Monday, December 26, 2016


Also signs package of legislation to reform campaign finance

   Mayor Bill de Blasio today held public hearings for and signed 29 pieces of legislation into law – Intros. 1132-A and 1182-A, in relation to creating a public list of City planning commitments and creating a process for the modification or removal of certain deed restrictions; Intros. 980-A, 985-A, 986-A, 987-A, 988-A, 990-A, 1001-A, 1002-A, 1349-A, 1350-A, 1351-A, 1352-A, 1353-A, 1354-A, 1355-A, 1356, 1358, 1361, 1362-A, 1363-A, and 1364-A, in relation to legislation that reforms the City of New York’s campaign finance system; Intro. 1345-A, in relation to a bill that regulates contributions to organizations affiliated with elected officials; Intros. 1260-A, 1261-A and 1262-A, in relation to the Department of Correction’s practices around transporting inmates, waiving cash bail fees and provision of non-uniforms for inmate court appearances; and Intros. 1099-A and 1193-A, in relation to reporting by the Department of Education on career programs and computer science education in New York schools, respectively.

“With this tracker, we are using technology to be more transparent about progress on our commitments,” said Mayor Bill de Blasio. “Delivering on promised public investments to support projects like affordable housing is good policy and shows New Yorkers that they can count on the City’s word. 

“This package of reforms to the New York City campaign finance system is the product of months of discussions with stakeholders,” said Council Speaker Melissa Mark-Viverito. “It addresses issues both large and small, from improving voter guides to reducing the influence of money from persons doing business with the City. These reforms close loopholes and level the playing field to ensure a transparent campaign finance process for all New Yorkers. I commend Mayor de Blasio for signing this package into law, and thank my colleagues at the City Council for their diligent work in developing this essential legislation.”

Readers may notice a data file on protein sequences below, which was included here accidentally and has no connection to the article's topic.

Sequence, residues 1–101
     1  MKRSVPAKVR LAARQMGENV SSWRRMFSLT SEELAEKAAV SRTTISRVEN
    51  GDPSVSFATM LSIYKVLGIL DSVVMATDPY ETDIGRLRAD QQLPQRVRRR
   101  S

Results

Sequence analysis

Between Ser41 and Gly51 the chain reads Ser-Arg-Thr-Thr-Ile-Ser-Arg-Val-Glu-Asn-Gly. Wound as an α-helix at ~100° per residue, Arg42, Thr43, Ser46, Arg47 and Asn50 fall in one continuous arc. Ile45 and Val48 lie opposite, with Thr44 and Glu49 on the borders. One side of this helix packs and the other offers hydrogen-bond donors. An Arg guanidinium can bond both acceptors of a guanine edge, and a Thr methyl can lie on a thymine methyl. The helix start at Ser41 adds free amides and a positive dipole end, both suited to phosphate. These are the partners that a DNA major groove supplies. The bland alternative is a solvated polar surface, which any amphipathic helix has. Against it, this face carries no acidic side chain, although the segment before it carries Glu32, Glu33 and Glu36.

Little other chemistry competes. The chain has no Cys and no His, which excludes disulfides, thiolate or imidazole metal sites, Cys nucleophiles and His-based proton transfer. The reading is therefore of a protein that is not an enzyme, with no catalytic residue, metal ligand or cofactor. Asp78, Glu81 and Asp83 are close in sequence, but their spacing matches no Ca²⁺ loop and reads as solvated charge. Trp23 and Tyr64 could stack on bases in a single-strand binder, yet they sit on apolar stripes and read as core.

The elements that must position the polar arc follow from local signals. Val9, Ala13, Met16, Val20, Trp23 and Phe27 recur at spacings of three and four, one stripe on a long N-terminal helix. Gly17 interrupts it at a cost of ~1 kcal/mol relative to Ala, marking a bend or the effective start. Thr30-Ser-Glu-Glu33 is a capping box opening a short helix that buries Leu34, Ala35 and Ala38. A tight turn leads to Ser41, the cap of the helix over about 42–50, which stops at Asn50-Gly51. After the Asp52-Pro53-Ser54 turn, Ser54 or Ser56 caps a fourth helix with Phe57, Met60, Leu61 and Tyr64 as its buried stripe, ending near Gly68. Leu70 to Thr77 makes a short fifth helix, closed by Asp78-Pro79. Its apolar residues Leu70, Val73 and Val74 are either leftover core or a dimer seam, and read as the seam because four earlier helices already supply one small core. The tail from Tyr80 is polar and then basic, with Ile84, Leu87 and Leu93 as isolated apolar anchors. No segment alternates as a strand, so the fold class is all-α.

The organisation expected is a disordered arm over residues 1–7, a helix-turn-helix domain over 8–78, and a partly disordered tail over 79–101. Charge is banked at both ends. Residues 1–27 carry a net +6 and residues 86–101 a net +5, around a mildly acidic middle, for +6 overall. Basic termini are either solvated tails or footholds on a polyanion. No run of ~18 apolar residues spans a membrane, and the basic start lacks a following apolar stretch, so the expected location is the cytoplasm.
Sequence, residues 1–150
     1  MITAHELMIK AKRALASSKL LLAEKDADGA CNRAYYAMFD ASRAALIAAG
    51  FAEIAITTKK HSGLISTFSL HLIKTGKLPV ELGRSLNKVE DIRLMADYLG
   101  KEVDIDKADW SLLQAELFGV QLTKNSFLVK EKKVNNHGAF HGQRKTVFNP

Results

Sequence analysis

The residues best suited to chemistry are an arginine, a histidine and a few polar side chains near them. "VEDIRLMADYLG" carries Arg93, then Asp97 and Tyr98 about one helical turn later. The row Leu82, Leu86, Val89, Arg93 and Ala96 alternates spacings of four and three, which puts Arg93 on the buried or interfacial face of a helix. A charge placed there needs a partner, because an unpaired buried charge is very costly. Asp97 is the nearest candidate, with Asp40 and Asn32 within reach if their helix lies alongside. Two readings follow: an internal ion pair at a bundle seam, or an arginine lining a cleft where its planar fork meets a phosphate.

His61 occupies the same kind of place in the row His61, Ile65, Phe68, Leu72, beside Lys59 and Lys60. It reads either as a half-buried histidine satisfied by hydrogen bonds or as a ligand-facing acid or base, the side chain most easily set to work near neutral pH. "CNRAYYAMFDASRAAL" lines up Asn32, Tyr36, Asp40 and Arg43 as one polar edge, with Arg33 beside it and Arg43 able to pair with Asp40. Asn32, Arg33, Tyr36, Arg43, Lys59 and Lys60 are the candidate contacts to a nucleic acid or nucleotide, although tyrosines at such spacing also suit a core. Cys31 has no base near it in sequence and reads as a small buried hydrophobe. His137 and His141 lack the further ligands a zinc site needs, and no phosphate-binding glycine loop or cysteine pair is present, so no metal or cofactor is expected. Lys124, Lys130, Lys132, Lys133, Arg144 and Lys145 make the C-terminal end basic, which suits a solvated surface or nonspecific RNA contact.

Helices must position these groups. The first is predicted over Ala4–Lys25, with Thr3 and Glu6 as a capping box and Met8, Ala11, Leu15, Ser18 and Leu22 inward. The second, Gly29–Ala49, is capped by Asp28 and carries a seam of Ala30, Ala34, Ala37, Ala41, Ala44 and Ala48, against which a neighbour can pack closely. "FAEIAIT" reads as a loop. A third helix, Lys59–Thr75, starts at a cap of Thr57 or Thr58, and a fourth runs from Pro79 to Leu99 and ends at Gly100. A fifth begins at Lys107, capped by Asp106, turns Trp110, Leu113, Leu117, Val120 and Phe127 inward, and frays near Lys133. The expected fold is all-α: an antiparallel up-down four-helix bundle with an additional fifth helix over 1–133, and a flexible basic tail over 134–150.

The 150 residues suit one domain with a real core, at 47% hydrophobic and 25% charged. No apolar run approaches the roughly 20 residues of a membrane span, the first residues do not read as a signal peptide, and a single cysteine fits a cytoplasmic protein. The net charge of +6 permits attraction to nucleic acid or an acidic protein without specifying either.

The first bill, Intro. 1132-A, creates a neighborhood commitment tracker. A year ago, the City committed to approaching capital planning in a more robust and integrated way for neighborhoods that are being rezoned. The City also committed to increasing transparency and accountability around the commitments made to neighborhoods. With Intro. 1132-A, the public will have an accessible and searchable online list of land-use commitments.

The second bill, Intro. 1182-A, relates to the modification and removal of certain deed restrictions. This bill sets forth a process for the removal or modification of a deed restriction by the Department of Citywide Administrative Services. The process includes obtaining appraisals, seeking public input and conducting an extensive review prior to approving any change. Under the new process, requests will also be reviewed by a committee as well as the Mayor or the Mayor’s designee for a final determination as to whether the modification or removal is appropriate and furthers the best interests of the City. 

The third bill, Intro. 980-A, sets limits on contribution amounts for transition and inauguration entities for local office at the same level as the campaign contribution limits for that office. This bill will help clarify what a candidate can raise and spend during the transition period. In his remarks, the Mayor thanked the bill’s sponsor, Council Member Fernando Cabrera.